So what are exons? And introns? Although I have been studying genetics for the past few years, I really had no idea before reading more about it. But these and other terms are part of the book A Primer for Genome Science. While the copy at the Chemeketa Library is certainly outdated, as it’s the second edition, there’s still tons of useful information, including a lot of curious links scattered throughout the text.
Genome science is being researched in all sorts of places and there are literally hundreds of great resources on the web. For example, ELSI provides background on the ethical, legal, and social implications of the Human Genome Project. The Lawrence Berkeley National Laboratory, commonly known as the Berkeley Lab, has some information, such as What is ELSI? and their main ELSI page.
A group of national databases is managed by the National Institutes of Health (NIH) and the National Human Genome Research Institute. Two such resources are the National Center for Biotechnology Information (NCBI) and OMIM (Online Mendelian Inheritance in Man), a compendium of human genes and genetic phenotypes.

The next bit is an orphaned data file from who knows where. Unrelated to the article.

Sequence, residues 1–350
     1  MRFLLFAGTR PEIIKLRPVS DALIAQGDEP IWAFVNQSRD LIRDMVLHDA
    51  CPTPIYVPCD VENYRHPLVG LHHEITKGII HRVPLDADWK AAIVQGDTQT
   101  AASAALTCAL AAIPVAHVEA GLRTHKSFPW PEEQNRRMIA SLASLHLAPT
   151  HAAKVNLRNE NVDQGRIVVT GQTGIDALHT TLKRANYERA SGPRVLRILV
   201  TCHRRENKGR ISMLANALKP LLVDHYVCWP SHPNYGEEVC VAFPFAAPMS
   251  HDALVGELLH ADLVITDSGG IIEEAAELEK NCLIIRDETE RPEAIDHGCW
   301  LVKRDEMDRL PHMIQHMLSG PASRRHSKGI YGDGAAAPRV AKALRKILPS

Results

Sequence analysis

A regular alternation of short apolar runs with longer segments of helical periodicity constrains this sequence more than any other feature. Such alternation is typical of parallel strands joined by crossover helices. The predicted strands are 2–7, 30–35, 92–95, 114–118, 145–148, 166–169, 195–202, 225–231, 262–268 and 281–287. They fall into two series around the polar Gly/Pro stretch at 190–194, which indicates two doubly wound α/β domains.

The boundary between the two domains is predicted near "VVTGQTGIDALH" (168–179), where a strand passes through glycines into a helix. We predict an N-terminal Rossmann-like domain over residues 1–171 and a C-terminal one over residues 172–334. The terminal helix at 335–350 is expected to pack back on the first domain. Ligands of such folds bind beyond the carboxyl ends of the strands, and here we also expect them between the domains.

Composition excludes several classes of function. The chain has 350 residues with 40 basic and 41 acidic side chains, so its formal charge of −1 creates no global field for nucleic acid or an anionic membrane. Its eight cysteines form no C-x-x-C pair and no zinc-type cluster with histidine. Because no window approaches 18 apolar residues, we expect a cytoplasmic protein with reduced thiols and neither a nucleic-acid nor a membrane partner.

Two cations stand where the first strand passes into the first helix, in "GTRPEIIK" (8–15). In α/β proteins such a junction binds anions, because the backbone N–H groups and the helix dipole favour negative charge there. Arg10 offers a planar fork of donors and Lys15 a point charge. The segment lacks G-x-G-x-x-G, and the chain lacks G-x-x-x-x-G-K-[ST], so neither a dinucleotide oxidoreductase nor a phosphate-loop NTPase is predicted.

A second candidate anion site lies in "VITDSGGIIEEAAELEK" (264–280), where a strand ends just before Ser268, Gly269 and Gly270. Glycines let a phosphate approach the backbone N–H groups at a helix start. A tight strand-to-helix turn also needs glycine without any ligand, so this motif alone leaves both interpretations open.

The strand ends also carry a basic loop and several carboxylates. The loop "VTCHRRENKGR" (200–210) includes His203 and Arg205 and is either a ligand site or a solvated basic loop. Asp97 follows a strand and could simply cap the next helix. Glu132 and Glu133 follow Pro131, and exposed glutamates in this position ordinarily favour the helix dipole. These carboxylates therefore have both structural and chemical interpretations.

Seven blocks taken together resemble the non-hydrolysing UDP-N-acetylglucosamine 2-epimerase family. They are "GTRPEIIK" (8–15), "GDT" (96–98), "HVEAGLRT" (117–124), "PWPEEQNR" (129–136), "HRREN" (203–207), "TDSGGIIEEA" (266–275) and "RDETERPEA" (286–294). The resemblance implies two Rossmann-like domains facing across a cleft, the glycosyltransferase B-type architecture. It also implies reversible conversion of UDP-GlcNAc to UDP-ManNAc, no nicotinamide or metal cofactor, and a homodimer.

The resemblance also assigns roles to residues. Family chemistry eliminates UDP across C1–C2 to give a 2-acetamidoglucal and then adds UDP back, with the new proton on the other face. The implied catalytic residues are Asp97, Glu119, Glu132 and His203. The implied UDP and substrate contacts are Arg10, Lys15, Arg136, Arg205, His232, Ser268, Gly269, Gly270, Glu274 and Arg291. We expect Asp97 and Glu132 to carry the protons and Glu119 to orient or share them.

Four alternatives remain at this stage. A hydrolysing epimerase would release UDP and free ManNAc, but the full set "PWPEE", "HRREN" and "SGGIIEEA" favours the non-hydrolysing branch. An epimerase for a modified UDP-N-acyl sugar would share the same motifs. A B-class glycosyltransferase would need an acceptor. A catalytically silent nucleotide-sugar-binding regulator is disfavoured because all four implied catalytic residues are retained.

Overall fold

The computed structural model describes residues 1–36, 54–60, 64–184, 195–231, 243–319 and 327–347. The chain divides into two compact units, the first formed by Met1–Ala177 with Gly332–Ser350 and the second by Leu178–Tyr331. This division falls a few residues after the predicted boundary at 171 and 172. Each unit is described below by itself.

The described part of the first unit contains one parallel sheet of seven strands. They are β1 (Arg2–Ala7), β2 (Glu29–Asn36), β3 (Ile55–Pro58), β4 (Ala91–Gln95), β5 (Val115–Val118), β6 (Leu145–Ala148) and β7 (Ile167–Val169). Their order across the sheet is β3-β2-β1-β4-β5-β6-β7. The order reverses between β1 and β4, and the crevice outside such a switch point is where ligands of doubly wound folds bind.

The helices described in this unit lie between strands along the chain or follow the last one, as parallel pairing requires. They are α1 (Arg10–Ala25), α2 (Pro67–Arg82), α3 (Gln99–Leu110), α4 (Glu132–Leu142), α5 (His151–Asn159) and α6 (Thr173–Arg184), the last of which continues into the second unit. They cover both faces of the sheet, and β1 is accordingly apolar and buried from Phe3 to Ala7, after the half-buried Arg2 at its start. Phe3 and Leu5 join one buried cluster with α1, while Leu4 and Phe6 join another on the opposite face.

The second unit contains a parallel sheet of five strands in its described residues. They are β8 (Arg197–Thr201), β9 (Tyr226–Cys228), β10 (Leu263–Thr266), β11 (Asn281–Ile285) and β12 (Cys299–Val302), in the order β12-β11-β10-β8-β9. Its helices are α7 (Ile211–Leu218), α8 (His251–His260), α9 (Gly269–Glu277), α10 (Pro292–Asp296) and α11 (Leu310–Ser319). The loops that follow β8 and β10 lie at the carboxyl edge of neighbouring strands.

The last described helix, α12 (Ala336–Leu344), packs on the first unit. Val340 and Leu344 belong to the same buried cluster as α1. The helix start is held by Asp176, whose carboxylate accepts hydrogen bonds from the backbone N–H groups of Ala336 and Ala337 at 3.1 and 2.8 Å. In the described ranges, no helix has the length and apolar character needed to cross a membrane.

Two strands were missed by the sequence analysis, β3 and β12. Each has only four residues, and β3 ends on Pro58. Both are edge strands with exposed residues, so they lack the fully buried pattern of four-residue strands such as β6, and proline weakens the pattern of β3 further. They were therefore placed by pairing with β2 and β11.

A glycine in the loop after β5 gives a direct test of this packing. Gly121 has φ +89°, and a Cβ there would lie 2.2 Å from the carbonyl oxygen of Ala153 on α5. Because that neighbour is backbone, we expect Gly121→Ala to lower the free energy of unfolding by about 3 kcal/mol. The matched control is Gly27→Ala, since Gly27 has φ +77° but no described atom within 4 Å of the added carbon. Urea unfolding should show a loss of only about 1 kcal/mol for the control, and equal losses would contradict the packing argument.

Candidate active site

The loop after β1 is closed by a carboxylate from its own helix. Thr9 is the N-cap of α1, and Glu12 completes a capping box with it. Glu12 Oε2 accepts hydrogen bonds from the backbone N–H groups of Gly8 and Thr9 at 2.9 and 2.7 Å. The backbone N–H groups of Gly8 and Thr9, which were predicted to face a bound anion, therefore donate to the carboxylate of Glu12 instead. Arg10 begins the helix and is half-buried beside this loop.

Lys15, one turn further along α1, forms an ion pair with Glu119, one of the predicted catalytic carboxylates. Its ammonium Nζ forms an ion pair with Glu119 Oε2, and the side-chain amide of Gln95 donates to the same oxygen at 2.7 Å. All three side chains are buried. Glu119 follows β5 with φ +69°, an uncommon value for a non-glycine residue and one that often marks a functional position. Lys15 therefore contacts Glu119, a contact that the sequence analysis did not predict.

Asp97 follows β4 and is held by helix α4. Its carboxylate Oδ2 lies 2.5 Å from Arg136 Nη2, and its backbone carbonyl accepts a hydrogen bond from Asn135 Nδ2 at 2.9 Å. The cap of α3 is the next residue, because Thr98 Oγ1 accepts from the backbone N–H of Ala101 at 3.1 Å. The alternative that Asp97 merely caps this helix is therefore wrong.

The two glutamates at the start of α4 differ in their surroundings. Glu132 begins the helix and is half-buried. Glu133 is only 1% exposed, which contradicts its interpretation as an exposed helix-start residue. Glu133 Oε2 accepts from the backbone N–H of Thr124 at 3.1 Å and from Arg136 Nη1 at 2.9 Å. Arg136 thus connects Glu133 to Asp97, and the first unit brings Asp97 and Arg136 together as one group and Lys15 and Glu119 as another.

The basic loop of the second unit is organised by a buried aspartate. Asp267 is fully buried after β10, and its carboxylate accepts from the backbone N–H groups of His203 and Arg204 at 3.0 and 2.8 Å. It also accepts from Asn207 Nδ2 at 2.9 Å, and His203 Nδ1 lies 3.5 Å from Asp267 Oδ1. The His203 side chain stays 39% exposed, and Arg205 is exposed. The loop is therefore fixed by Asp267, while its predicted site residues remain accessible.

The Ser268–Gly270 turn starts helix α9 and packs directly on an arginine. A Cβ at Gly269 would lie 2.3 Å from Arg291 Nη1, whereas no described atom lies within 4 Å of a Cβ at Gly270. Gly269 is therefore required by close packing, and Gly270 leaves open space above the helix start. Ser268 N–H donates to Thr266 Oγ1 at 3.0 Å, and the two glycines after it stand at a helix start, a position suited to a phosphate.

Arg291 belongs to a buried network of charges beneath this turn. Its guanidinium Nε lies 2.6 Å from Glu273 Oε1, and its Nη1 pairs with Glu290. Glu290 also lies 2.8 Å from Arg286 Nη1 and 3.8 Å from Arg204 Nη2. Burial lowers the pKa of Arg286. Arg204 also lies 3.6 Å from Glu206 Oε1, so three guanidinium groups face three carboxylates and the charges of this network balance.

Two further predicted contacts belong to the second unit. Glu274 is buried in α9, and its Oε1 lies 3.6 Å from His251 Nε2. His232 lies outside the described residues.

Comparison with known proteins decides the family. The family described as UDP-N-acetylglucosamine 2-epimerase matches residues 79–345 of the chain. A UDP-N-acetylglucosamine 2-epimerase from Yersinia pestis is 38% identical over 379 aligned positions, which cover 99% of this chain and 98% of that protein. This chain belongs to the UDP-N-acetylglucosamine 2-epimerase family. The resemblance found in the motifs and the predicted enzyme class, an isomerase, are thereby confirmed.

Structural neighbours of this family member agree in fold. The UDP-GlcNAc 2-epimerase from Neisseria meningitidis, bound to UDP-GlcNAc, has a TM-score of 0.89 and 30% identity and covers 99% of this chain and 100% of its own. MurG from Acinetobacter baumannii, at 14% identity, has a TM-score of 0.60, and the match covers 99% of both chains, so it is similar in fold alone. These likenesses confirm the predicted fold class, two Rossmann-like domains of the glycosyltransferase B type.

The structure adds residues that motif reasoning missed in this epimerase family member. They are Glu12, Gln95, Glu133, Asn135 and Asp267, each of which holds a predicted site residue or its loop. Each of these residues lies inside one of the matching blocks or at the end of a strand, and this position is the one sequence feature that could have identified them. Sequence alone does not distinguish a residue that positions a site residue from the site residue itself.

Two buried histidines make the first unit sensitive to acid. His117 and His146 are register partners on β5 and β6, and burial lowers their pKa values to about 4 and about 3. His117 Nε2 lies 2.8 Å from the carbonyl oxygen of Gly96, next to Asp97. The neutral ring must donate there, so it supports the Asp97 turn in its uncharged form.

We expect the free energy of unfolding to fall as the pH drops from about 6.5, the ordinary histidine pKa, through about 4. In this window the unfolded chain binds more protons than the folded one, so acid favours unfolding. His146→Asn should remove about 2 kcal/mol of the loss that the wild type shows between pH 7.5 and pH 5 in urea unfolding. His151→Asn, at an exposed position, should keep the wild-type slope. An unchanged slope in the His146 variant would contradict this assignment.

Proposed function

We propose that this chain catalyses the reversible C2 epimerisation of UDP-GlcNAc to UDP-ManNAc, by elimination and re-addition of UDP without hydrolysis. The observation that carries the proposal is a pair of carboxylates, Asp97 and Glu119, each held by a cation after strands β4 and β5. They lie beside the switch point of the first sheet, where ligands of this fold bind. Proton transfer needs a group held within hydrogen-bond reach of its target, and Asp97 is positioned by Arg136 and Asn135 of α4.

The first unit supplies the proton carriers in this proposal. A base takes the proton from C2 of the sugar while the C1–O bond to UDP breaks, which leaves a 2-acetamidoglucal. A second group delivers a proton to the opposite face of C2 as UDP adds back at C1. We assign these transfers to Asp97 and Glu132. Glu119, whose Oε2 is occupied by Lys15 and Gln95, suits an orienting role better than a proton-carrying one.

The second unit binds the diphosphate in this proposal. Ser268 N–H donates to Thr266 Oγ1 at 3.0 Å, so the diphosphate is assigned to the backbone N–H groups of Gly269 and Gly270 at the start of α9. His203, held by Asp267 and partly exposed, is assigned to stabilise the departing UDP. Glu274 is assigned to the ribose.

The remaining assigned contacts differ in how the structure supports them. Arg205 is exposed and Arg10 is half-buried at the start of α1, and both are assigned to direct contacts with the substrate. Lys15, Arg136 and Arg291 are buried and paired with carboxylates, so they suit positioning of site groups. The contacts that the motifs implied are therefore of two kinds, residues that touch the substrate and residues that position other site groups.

Stanford has been working in the field of human genetics, for many years led by Luigi Luca Cavalli-Sforza. Stanford has a Human Population Genetics Laboratory and a Genome Technology Center, part of the School of Medicine.
Ensembl is the name of European project, a joint venture of the European Bioinformatics Institute (EBI), part of the European Molecular Biology Laboratory (EMBL), and the Wellcome Trust Sanger Institute (WTSI). Both are located on the Wellcome Trust Genome Campus.